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2005-12 - Conférence Canet Audet 16 février 2006

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2005-12 - Conférence Canet Audet 16 février 2006 Powered By Docstoc
					          CONFÉRENCE DE LA CHAIRE MCD – DÉCEMBRE 2005
          Chaire de Recherche du Canada en Mondialisation, Citoyenneté et Démocratie
          http://www.chaire-mcd.ca/



WTO, GLOBAL GOVERNANCE AND CIVIL SOCIETY:
‘Image cleaning’ or real dialogue?

Par René Audet et Raphaël Canet
Chercheurs à la Chaire de recherche du Canada en Mondialisation, Citoyenneté et
Démocratie de l’UQAM ( www.chaire-mcd.ca)

Cette intervention a été prononcée dans le cadre de l’atelier Exploring global civil
society’s dynamics in WTO governance, organisée par la Chaire MCD dans le cadre
de la People’s Action Week tenue en marge de la Conférence ministérielle de l’OMC, le
16 décembre 2005 à Hong Kong (Victoria Park).



I.- Global governance

The term global governance is much polemical. It appears in the nineties in the
international organizations language in order to shut the critics over
globalisation. But what does that mean exactly?

Generally, the word refer to the fact that globalization has to be governed, since
the markets have proven unable to do so. To govern globalization, international
organizations say they want to consult new actors, mostly from the business
sector and civil society, and to establish a broad decision making process.

But global governance has no clear and
precise definition, and we can say that
international organizations make it
operational in different ways and
following different models. With its so-
called dialogue with civil society, WTO is
not apart of this movement towards the
global governance strategy. The WTO’s
particular governance model has many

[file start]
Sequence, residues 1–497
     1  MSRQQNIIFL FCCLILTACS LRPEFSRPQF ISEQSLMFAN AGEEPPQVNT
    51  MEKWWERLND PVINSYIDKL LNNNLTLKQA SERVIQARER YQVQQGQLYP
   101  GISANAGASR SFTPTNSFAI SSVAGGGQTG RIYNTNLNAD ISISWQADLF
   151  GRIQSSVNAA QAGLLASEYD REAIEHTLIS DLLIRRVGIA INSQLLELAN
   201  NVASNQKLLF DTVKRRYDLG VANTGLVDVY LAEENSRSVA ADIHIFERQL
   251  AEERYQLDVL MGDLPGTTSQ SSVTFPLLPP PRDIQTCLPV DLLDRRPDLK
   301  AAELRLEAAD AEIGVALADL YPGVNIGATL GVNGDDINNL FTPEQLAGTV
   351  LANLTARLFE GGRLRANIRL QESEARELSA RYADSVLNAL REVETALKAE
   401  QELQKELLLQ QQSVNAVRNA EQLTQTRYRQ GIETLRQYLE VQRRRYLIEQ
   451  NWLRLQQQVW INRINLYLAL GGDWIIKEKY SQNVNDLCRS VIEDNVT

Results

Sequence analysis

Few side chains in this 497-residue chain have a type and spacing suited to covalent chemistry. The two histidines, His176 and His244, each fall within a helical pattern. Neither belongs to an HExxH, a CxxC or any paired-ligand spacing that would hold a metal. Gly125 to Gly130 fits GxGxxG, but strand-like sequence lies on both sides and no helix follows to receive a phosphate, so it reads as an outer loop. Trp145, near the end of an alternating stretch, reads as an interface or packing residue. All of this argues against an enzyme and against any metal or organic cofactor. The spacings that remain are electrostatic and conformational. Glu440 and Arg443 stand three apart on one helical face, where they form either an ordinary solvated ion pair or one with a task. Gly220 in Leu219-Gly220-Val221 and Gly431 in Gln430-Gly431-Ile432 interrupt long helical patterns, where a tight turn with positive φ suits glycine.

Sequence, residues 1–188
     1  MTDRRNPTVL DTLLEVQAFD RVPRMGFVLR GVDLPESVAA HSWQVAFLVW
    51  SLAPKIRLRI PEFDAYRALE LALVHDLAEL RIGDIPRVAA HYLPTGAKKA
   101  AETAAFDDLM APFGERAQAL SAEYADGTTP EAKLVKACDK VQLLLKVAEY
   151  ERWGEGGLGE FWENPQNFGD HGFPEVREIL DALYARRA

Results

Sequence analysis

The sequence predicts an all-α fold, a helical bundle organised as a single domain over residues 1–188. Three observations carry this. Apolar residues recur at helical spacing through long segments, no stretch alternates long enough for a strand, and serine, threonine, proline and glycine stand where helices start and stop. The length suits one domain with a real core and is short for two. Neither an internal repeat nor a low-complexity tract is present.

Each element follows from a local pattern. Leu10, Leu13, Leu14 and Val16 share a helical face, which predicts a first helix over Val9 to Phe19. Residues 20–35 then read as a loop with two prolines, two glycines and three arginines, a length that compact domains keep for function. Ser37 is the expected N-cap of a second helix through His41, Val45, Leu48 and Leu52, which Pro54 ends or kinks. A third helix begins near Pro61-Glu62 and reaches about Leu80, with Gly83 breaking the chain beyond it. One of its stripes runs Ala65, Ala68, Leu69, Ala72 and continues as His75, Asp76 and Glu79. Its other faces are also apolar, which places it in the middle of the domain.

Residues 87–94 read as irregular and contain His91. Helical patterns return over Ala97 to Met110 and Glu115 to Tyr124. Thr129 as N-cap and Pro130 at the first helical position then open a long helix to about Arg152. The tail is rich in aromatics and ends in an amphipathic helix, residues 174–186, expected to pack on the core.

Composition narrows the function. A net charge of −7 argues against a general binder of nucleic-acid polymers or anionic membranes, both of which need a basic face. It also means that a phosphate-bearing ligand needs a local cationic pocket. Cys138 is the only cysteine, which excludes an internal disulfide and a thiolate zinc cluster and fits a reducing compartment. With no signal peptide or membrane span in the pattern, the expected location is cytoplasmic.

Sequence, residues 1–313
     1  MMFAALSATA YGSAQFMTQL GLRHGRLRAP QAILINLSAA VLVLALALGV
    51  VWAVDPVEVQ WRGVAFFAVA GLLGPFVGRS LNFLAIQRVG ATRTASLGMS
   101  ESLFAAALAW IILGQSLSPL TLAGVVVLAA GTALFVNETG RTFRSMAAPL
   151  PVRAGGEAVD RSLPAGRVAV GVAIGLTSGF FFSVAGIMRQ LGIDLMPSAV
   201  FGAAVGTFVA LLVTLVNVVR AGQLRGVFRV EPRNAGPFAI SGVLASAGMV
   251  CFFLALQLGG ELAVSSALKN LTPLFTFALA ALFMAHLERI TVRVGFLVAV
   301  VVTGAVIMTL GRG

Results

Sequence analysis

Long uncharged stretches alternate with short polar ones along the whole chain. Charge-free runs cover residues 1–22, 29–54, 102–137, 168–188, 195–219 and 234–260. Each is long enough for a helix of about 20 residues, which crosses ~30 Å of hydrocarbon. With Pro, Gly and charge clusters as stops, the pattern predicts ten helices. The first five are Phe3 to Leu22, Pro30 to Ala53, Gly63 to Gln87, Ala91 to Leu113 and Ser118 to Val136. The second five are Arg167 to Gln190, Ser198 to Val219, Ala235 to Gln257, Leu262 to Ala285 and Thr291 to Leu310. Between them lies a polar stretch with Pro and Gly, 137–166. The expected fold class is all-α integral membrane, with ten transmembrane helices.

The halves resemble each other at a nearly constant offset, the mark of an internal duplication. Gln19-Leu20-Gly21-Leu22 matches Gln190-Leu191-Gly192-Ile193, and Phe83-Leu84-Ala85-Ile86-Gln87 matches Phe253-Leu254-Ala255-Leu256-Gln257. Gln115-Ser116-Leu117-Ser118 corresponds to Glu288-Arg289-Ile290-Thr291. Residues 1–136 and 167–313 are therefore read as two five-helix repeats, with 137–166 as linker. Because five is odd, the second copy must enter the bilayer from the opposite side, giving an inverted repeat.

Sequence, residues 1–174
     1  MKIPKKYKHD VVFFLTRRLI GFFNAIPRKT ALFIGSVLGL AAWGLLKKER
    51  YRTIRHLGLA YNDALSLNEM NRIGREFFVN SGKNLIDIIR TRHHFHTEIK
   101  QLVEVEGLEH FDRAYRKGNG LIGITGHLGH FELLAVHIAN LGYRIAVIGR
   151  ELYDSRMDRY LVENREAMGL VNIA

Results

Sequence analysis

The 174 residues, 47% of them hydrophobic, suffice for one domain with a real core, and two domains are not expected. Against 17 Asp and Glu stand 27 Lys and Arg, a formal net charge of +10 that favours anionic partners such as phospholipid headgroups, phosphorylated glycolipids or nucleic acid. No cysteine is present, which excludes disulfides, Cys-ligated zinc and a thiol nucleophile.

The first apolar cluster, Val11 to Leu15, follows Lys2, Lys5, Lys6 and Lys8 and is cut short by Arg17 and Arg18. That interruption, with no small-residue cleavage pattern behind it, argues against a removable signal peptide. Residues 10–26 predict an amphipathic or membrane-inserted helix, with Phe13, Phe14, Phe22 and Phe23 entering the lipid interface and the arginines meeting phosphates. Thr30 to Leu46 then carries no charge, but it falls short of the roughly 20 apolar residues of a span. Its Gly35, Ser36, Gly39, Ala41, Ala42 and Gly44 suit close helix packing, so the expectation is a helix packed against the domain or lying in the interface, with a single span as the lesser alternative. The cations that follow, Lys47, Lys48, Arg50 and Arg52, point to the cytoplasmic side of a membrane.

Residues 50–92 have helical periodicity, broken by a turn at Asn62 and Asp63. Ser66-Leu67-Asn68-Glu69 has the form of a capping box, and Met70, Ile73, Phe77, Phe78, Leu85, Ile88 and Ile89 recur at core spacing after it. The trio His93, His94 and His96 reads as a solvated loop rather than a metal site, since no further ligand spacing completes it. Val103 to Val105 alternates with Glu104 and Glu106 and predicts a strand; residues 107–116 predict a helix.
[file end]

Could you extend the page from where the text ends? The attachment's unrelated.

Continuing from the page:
limits, especially when it comes to its
relation to civil society.

It is therefore important to understand better this turbulent relation. To do so,
this presentation will explore the rules set in place by the WTO since 1995 and
feed from the speeches of four Director General from Renato Ruggiero to Pascal


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          http://www.chaire-mcd.ca/


Lamy. As we will see, the evolution of the so called dialogue between WTO and
civil society rests much more on WTO image problems after a wind up
conference than on any democratization intention. That gives some indications
on how this dialogue could turn up after the result or failure of Hong Kong.


II.- Transparency and democracy

In this so-called dialogue, the demands and critics expressed by civil society
towards WTO were mainly directed on two sets of issues: transparency and
democracy.

Transparency is a matter of communication. How does the public is supposed to
                                  be informed of the very important issues
                                  dealt inside this structure? Are the
                                  negotiations led in a way to promote all
                                  people’s interests? How does the WTO
                                  gives access to its giantess’s data base?
                                  Under what conditions? We will see that
                                  these issues of transparency are the first
                                  (and only) addressed by the WTO after the
                                  demands of NGOs.

The democracy issue at WTO is largely seen as one of participation. Which actors
are included in trade negotiations? Which groups are included in the talks, is it
exclusive to the most powerful ones? In the eyes of the WTO leaders these
democracy issues seem much more difficult to address.

Our aim here is to show how the WTO staff and members have answered the
transparency and democracy critics since its beginning. We’ll see their answer is
much more one of « image cleaning » than one of true collaboration, and that the
WTO often answer the critic with another critic.